Human rights lawyer Amal Clooney has called on the UK to take in more refugees from the civil war in Syria.
And Mrs Clooney urged Prime Minister Theresa May to take a "leadership" role in pressing the United Nations for action against the Islamic State terror group - also known as Isis, Isil or Daesh - for its human rights violations against minority groups such as the Yazidis.
She also said she would be "delighted" to work on a prosecution of Syrian president Bashar Assad over crimes against humanity and war crimes.
Mrs Clooney has announced she is mounting a legal case against IS on behalf of 23-year-old Nadia Murad, who was used as a sex slave by IS after being kidnapped along with thousands of fellow-Yazidis. Mrs Clooney and her actor husband George have taken Nadia into their home after hearing of her escape from her ordeal.
Speaking to Channel 4 News alongside Nadia, Mrs Clooney said: "I would hope that more could be taken in. There has been one Yazidi family that has been given asylum so far in the UK. You have had a million refugees accepted in Germany in the last year and 70,000 of those have been Yazidis. In every other country it's been literally a handful, so I'm hoping that can improve.
"Actually one of the positive signs is that Prime Minister May when she was Home Secretary had instituted the idea that there should be the ability for private sponsorship. That is something that my husband and I are doing in the US, for example, with the International Rescue Committees. If the Government disappoints then at least they should empower you to make a difference."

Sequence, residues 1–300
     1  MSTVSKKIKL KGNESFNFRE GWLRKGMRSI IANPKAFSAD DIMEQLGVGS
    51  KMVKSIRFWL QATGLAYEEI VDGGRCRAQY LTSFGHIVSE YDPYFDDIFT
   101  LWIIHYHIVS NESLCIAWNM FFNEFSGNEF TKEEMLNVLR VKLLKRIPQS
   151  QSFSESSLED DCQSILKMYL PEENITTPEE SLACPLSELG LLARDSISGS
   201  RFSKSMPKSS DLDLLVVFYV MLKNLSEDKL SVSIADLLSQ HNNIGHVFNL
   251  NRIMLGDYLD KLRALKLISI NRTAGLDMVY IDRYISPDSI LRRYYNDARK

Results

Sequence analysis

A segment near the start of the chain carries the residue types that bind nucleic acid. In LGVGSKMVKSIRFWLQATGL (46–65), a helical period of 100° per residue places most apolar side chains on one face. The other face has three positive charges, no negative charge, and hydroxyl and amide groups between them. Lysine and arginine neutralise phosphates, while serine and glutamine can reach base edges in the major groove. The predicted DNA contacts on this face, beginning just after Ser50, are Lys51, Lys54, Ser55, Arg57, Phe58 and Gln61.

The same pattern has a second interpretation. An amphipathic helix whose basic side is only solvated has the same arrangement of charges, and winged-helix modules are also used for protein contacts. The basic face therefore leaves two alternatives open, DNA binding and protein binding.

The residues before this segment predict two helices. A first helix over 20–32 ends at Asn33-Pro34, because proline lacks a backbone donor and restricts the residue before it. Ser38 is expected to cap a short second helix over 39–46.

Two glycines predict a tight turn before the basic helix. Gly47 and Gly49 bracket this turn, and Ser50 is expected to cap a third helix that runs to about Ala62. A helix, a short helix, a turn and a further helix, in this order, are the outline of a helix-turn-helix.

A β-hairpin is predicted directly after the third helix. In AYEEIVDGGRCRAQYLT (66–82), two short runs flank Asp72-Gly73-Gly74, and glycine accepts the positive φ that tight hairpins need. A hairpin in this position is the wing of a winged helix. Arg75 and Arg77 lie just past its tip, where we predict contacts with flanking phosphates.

She added: "If there is a prosecution of President Assad I would be delighted to work on it. I think the UN has concluded that the Syrian government has committed crimes against humanity and war crimes. They're not the only ones - there are other actors who have committed the same crimes. But I think there's little doubt that that's what we're dealing with."
Mrs Clooney was critical of the UN's failure to take stronger action against IS: "There's obviously situations that have called for action by the Security Council where there has been inaction and so you can't say that the UN is fulfilling the role that it's supposed to be playing.
"There is no reason why the council should be paralysed. Isis has actually confessed to its crimes online. That's why when I spoke at the UN it was not my intention to speak in terms of congratulations, thank you for calling it genocide.
"The point is, what is the UN going to do about it? And I do hope that with the leadership of the UK this can actually be pushed forward."